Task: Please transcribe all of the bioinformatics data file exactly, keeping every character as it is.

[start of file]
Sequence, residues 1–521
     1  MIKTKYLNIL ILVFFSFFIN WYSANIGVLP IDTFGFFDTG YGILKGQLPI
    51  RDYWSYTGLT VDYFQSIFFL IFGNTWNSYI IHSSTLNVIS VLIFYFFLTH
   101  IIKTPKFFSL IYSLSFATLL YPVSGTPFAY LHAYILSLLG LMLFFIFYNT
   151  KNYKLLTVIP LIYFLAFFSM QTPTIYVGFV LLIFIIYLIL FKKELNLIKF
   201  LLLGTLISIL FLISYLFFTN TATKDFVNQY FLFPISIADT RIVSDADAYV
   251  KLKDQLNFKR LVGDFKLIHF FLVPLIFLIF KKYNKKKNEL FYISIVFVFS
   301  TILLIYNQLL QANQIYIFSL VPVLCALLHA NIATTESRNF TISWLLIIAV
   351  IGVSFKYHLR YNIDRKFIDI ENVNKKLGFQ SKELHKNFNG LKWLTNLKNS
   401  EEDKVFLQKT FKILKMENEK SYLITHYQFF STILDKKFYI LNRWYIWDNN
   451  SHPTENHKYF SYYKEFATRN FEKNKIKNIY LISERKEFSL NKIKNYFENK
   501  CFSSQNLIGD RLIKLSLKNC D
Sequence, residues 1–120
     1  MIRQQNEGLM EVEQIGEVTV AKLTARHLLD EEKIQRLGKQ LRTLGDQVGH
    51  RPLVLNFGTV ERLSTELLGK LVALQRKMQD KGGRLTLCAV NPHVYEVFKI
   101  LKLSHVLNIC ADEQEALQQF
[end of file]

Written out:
Sequence, residues 1–521
     1  MIKTKYLNIL ILVFFSFFIN WYSANIGVLP IDTFGFFDTG YGILKGQLPI
    51  RDYWSYTGLT VDYFQSIFFL IFGNTWNSYI IHSSTLNVIS VLIFYFFLTH
   101  IIKTPKFFSL IYSLSFATLL YPVSGTPFAY LHAYILSLLG LMLFFIFYNT
   151  KNYKLLTVIP LIYFLAFFSM QTPTIYVGFV LLIFIIYLIL FKKELNLIKF
   201  LLLGTLISIL FLISYLFFTN TATKDFVNQY FLFPISIADT RIVSDADAYV
   251  KLKDQLNFKR LVGDFKLIHF FLVPLIFLIF KKYNKKKNEL FYISIVFVFS
   301  TILLIYNQLL QANQIYIFSL VPVLCALLHA NIATTESRNF TISWLLIIAV
   351  IGVSFKYHLR YNIDRKFIDI ENVNKKLGFQ SKELHKNFNG LKWLTNLKNS
   401  EEDKVFLQKT FKILKMENEK SYLITHYQFF STILDKKFYI LNRWYIWDNN
   451  SHPTENHKYF SYYKEFATRN FEKNKIKNIY LISERKEFSL NKIKNYFENK
   501  CFSSQNLIGD RLIKLSLKNC D
Sequence, residues 1–120
     1  MIRQQNEGLM EVEQIGEVTV AKLTARHLLD EEKIQRLGKQ LRTLGDQVGH
    51  RPLVLNFGTV ERLSTELLGK LVALQRKMQD KGGRLTLCAV NPHVYEVFKI
   101  LKLSHVLNIC ADEQEALQQF